Tuesday, April 29, 2014

I do not want your thoughts, I want your money

March Middleton is a young woman in Victorian England who must make her own way in the world after the death of her father.  Luckily for her, she has a godfather who is willing to take her in and provide her with a home. This is all she knows when she turns up on the doorstep of one Mr. Sidney Grice in The Mangle Street Murders.

It's probably just as well she didn't know much about her guardian, because he turns out to be a fairly unsympathetic character.  He's pompous, judgmental and never makes mistakes.  He is also London's most well-known private detective.  When March joins his household, it isn't long before a woman appears asking for help. Her daughter has been murdered, and she is certain her son-in-law (arrested soon after the discovery of the body) is innocent.  She tells Grice the facts of the case.  Her daughter was stabbed to death inside the shop she ran with her husband on Mangle Street.  The husband was asleep in the next room, but heard nothing of the struggle.  To make matters worse, the police can find no evidence of a robbery.  Grice listens to the evidence and announces that he will investigate, but he tells Mrs. Dillinger that his services are expensive.  Because she is a widow, Grice asks how she intends to pay his bill.  She cannot pay and leaves in a distressed state, but March, having been moved by her plight, asks Grice to investigate the crime. She offers the mining shares she inherited from her father as payment.  She does, however, impose one condition -- she wants to accompany Grice on his investigations as his assistant.  He accepts her offer and they begin the investigation of the most recent murder on Mangle Street.  It turns out that Mangle Street has been the scene of other murders in the not too distant past.

Grice goes to the jail to interview William Ashby, the unfortunate husband of the deceased, to determine if his story is believable.  Unfortunately for William, his tale of the extravagantly dressed Italian with bright orange curly hair who bought a knife from his shop doesn't exactly convince Grice of his innocence.  Even after the case seems to have been solved to Grice's satisfaction, March continues to investigate on her own.  Her experiences helping her father, an army surgeon, are useful as her inquiries lead her to the morgue (among other unsavory places).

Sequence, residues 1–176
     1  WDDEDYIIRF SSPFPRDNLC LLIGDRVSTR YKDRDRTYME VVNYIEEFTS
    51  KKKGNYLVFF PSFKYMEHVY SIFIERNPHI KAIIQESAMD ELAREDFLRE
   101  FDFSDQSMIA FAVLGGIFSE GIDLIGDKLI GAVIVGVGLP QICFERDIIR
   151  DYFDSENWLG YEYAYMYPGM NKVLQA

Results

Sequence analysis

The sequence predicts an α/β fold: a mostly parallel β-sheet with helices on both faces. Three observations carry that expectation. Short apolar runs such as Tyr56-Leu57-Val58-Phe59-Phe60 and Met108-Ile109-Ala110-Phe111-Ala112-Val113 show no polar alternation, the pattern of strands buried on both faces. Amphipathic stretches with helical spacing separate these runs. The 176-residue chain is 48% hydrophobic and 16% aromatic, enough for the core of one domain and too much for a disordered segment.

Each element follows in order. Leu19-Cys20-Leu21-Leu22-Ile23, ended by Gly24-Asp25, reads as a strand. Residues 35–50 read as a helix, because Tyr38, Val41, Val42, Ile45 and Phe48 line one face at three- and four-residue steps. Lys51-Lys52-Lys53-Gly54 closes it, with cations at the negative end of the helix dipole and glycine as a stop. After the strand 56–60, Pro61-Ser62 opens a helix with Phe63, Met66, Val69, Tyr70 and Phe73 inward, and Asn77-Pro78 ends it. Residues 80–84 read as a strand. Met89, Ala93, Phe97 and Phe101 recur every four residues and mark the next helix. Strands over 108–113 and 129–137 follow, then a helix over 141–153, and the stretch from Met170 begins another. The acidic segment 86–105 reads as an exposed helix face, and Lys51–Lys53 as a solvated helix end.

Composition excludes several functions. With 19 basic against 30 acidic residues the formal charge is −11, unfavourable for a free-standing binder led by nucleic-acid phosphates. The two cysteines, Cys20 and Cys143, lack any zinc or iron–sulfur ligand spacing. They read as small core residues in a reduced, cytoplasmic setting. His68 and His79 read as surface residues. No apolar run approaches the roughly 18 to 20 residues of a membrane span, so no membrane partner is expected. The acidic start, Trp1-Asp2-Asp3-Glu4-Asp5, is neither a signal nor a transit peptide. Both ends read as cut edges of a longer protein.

The story is interesting, mostly for the two main characters. March is a thoroughly modern young woman, who doesn't hesitate to speak her mind when she feels she's right (which is most of the time).  She is also mourning the death of her fiance, and recalls events from their time together throughout the story.  Grice is totally devoid of any sort of sympathy or feelings.  He comes to quick decisions based solely on his best interests and never deviates from them.  He also has quite a few amusing scenes surrounding his glass eye and its refusal to cooperate as Grice would like.

The only quibble I have with the story is the way everything was explained in one fell swoop toward the end of the story.  The two main characters went around questioning and investigating (with more bodies turning up from time to time) and the explanation of the whole thing just seemed rather rushed in an effort to tidy up all the loose ends.  Still, I enjoyed the characters and hope this will be a regular series.

Final Verdict for The Mangle Street Murders:    Three Gherkins, for being a revealing look at an unconventional detective

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